There are genre festivals, and then there is the Midnight Madness sidebar at TIFF. Curated with a good eye for upscale genre fare and often paying tribute to the masters, building its own set of alumni by inviting previous filmmakers back with new fims and lots of love for kinetic Asian cinema, the line-up for 2010 features John Carpenter’s The Ward, Dante Lam’s Fire of Conscience, Brad Anderson’s The Vanishing on 7th Street, Laurent Courtiaud’s Red Nights, James Gunn’s Super, Jim Mickle’s Stake Land, James Wan’s Insidious, Guy Moshe’s Bunraku, Wu Ershan’s The Butcher, The Chef and The Swordsman and of course Michael Dowse’s Fubar 2 is the opening film for Midnight Madness 2010.

All in all, this is an exciting line-up full of comforts and discoveries. More information and trailers to follow, but for now, click the above IMDB links as your information portal.

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Masters in the Making

It was September, 2000 – my first premeditated attempt at the Toronto International Film Festival. At this early date the internet was, at least to me, still a rumour, and with nary a blog nor Wikipedia to consult, the collection of films that filled my program book were unknown commodities waiting to be discovered. Left to my own devices, feeling my way through the sweet con of synopsis hell, I found myself drawn to one page in particular: poised in the still was a tattooed man with cryptic phrases across his chest and arms, of whose blurb promised stylish, suspenseful and even philosophical qualities. I bought my ticket for the film mere days before reading an unfavorable review in the local free press (NOW magazine, I think), and by the time I had entered the cramped basement theater of the now defunct Uptown Cinema, my expectations for the film were pretty low, I knew none of the talent, heard nothing positive about the film, and the very venue reeked of a sense of failure. By the time I had left, however, I was a devout believer in the greatness of the then little known director, Christopher Nolan, and his little known soon-to-be modern classic, Memento.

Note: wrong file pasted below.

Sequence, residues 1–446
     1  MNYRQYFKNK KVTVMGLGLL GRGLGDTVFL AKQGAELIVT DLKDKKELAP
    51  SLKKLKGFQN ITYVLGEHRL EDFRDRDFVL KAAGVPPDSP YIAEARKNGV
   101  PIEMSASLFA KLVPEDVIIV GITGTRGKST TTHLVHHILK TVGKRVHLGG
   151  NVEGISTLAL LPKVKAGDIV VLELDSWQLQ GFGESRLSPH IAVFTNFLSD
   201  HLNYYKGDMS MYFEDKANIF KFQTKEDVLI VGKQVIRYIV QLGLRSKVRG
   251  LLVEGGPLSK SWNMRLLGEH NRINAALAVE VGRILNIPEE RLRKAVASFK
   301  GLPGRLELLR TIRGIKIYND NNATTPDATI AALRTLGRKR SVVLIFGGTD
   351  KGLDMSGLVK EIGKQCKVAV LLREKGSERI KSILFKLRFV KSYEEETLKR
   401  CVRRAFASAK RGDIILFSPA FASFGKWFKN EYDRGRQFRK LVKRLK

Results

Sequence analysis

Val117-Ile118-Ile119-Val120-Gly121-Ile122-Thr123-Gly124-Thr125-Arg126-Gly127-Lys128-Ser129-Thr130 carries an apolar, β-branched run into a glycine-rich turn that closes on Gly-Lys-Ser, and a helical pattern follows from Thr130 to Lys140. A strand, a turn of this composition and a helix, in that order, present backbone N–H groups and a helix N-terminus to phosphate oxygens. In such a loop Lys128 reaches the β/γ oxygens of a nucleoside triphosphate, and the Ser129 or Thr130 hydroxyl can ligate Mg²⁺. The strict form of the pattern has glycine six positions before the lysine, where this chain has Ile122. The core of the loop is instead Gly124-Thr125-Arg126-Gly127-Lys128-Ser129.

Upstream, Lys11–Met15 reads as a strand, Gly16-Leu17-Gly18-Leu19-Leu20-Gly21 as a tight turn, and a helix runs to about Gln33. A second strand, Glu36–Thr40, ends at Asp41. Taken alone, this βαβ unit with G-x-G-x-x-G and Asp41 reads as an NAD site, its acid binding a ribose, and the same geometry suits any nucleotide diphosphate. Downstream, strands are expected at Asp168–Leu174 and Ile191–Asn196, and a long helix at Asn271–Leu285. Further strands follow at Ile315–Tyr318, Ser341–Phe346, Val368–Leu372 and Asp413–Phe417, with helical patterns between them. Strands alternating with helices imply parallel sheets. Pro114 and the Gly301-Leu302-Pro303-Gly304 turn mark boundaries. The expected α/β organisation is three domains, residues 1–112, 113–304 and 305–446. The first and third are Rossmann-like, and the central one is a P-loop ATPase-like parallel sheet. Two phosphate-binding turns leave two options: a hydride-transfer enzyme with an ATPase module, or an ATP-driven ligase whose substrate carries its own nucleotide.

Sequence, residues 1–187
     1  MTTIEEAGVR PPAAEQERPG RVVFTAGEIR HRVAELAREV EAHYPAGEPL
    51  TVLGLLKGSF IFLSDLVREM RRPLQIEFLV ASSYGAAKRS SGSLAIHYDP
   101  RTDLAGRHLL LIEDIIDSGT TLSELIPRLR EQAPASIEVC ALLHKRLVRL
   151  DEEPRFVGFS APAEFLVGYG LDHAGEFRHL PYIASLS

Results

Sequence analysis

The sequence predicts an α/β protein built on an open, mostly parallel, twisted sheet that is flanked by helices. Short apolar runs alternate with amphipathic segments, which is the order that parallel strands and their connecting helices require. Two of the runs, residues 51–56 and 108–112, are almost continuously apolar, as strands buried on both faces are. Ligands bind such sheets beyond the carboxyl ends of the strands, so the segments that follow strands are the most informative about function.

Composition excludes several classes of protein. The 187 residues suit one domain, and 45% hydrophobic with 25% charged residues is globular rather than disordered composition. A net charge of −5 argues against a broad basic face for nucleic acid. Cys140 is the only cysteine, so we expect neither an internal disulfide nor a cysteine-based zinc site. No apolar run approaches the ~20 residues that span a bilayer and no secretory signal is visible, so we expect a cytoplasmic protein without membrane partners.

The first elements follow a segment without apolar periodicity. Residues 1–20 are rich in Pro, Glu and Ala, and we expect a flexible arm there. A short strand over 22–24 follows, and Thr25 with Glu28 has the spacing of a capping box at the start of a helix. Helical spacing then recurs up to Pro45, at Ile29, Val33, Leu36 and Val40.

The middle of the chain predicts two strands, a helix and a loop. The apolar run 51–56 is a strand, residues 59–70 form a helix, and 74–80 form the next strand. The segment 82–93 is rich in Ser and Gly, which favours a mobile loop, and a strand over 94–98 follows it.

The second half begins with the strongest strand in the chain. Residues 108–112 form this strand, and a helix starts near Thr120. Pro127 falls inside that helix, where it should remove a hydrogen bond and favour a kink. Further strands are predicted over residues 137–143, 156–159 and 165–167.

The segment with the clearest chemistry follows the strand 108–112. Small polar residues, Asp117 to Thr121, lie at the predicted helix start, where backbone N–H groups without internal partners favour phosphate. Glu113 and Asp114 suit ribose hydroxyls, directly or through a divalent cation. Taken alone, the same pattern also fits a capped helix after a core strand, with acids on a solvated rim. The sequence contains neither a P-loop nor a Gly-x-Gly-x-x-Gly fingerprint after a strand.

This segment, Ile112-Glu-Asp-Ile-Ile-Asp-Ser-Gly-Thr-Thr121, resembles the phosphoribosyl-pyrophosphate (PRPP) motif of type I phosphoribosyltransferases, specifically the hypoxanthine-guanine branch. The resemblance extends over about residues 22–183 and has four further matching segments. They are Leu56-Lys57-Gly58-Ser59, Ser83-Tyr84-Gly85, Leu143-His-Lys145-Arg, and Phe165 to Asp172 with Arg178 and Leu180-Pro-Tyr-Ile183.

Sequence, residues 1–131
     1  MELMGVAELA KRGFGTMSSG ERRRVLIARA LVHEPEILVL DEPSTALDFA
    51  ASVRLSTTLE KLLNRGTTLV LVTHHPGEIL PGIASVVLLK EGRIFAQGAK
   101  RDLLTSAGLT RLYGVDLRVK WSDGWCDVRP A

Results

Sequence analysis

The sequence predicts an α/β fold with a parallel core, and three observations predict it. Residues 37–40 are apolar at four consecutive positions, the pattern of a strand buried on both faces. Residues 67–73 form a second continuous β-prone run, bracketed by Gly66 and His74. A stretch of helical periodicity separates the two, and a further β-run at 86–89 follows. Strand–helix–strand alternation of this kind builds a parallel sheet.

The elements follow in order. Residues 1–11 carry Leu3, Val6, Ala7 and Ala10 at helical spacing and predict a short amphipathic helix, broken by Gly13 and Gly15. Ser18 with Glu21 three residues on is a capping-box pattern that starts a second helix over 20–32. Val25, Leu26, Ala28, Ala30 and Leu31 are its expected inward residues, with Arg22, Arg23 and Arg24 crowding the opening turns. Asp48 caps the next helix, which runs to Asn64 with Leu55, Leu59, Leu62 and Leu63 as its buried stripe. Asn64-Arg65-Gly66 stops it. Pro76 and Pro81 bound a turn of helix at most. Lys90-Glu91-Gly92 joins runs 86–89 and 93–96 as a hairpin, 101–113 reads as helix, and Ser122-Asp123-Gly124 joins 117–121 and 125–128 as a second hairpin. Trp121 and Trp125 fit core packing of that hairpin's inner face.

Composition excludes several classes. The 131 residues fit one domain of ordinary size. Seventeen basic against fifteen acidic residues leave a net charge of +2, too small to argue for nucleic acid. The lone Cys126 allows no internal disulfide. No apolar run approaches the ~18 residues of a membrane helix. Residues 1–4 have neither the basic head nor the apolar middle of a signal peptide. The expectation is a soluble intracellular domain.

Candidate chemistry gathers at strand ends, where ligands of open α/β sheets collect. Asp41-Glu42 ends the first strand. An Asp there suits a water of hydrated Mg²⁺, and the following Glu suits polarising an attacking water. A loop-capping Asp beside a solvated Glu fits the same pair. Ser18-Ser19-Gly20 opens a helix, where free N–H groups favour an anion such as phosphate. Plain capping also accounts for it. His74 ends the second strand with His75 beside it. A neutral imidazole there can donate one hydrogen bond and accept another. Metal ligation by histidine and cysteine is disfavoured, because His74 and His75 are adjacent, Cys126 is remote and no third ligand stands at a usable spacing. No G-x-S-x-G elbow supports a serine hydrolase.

A big part of why I bother writing at all about film is because of such eureka encounters, going in blind and being caught in the maelstrom of new talent. It would happen again the first time I saw Paul Greengrass’ Bloody Sunday and Todd Field’s In the Bedroom (oddly enough in the same theater, and in the same far-too-close first row). The internet being what it is today, it becomes perhaps harder to get to this point of intimate contact with unfiltered greatness, but it is of course still possible. Cinema needs its heroes, these auteurs, whether or not such a thing can realistically be said to occur in the creation of a film, the mythic importance overrides reason, and this cult of celebrity, when oriented towards proven talent rather than passing fancy, is nearly as important as what happens inside the screen.

The passing of Stanley Kubrick has left a sizable hole in the mythic world of film auteurs; Spielberg, Coppola, Herzog, Scorsese, are not getting any younger, and with the departure of Antonioni, Kurosawa, Kieslowski, and Fellini, the hole is getting wider. The contenders for Kubrick’s mantle need to make themselves known, and where better to look then at the budding filmmakers who put their heart and soul into their first features, the eventful out of left field introductions to new ways of seeing which boldly diverge from the familiar talent-for-hire fare.

This collaborative post is an attempt to pinpoint the masters in the making of recent years, to find filmmakers who demonstrate unique visions that have yet to breakthrough into the Christopher Nolan stratosphere, but who clearly have the ability to get there. Such masters tend to be writer/directors able to fashion an auteur-like imprint on the films they contribute to. Our list is short and open-ended, so wherever obviously lacking please add your own considerations to the comment section.